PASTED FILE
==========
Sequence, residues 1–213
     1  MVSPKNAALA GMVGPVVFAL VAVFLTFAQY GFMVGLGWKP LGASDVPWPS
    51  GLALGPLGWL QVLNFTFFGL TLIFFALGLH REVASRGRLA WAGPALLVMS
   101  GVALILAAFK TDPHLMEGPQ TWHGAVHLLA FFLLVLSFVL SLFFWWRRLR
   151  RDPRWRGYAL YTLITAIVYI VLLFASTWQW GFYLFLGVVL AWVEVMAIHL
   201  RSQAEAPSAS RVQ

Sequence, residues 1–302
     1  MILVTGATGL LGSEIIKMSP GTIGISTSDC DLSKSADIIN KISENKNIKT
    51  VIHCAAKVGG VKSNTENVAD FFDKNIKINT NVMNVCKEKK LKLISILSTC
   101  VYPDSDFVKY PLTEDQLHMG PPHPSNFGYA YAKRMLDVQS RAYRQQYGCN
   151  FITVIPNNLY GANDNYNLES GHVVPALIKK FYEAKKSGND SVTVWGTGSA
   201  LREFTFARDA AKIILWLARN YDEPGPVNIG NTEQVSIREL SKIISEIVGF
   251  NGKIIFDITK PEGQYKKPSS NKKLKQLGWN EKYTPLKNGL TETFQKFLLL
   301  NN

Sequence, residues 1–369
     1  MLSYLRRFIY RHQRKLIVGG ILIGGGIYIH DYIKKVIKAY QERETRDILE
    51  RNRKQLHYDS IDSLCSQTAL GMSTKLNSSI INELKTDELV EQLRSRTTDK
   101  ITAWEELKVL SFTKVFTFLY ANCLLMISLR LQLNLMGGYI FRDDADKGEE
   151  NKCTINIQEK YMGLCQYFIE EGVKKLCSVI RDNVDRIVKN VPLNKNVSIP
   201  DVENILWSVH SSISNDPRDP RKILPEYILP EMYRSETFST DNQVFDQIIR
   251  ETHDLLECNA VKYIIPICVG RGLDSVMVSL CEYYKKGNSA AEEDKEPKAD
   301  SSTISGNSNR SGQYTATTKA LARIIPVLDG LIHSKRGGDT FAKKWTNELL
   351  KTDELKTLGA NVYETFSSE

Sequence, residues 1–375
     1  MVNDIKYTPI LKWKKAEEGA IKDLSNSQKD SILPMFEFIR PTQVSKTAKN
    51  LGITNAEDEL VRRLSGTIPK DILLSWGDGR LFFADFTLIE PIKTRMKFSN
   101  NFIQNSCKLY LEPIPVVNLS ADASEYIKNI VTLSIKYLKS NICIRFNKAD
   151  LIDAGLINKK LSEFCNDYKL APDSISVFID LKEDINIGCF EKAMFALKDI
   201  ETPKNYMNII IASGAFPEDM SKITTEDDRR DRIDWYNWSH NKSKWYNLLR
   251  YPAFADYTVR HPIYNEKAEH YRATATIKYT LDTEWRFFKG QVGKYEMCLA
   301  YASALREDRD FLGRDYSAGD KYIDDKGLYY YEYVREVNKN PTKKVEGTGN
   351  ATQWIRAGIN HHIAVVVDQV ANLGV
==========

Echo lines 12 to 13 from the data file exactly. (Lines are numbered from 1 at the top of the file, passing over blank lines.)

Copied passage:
   201  LREFTFARDA AKIILWLARN YDEPGPVNIG NTEQVSIREL SKIISEIVGF
   251  NGKIIFDITK PEGQYKKPSS NKKLKQLGWN EKYTPLKNGL TETFQKFLLL